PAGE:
How eating vegan/vegetarian foods can save our planet!🌎

By Rebecca Libauskas

Today: Rose enjoying her morning java – with French vanilla non-dairy creamer.

Save our planet – go vegan!! photos: PETA.ORG

Investments in meat made from plants have a more profound impact on the reduction of greenhouse-gas emissions than other green initiatives, according to a recent report from the Boston Consulting Group.

The report found that investing in the production of vegan meat and dairy reduces greenhouse-gas emissions three times more per dollar then investing in eco-friendly cement technology, seven times more than in green buildings and 11 times more than in emission-free vehicles.

As consumers, we can “invest” every time we go grocery shopping, as well as urging lawmakers to use our tax dollars to develop and expand vegan food production. Doing so will not only help mitigate the climate catastrophe but also prevent animals from suffering on factory farms.

So many cookbooks to learn from …

But let’s not delay: A recent UN Intergovernmental Panel on Climate Change report says the effects of the changing climate are worse than experts initially thought, and they advise that we take immediate action. The good news is that interest in vegan food is skyrocketing — even meat-eaters are filling their plates with animal-free cuisine.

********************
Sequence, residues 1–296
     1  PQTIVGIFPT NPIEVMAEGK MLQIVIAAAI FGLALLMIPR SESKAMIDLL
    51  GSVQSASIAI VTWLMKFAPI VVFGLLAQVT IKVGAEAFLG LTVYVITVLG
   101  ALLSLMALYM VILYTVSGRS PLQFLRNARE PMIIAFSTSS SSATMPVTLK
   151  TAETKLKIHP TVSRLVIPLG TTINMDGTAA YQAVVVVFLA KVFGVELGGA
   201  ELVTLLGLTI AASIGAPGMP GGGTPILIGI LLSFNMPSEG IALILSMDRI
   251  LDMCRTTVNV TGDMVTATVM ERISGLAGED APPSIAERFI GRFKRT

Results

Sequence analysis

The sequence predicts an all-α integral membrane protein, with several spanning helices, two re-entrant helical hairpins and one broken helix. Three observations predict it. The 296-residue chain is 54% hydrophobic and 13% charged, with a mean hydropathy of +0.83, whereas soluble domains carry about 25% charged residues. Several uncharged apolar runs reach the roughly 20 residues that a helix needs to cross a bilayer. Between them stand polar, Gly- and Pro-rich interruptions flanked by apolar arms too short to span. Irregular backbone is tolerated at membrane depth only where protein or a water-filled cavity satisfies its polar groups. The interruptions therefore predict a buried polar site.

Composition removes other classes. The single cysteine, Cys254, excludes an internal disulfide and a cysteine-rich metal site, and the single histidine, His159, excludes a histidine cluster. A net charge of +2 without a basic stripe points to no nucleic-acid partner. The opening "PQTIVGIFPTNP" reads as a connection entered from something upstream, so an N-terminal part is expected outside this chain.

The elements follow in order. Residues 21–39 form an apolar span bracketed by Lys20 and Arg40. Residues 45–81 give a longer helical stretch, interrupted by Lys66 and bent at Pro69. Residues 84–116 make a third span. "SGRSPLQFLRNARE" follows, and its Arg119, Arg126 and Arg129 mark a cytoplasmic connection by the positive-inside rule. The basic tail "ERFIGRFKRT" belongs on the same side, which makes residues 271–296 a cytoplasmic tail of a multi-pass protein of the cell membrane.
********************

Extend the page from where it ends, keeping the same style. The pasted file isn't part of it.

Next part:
There are tons of ready-made vegan meals and desserts you can get at any Worcester supermarket and TRADER JOE’S in Shrewsbury! Deelish!

According to Bloomberg, the market for vegan foods will reach $162 billion by 2030. And the investment bank Credit Suisse expects the vegan food industry to grow to $1.4 trillion by 2050. The search term “vegan food near me” increased by 5,000% in 2021 and was categorized as a “breakout search” by Google. But more than just searching, people are opening their wallets at the grocery store.

So who is driving this shift toward planet-friendly food? Here’s a hint: Avocado toast is vegan. Zoomers (members of Gen Z) and millennials drive the demand for vegan food because they tend to value health, mitigating the climate catastrophe, and ethics. Nearly 90% of zoomers, for example, are worried about the environment, and 41% feel that the changing climate is the planet’s most important issue. Millennials are also more health-conscious than the generations that raised them and more likely to seek out nutritious vegan food. Young people also care more about animals — some even choose to adopt animal companions rather than starting a human family.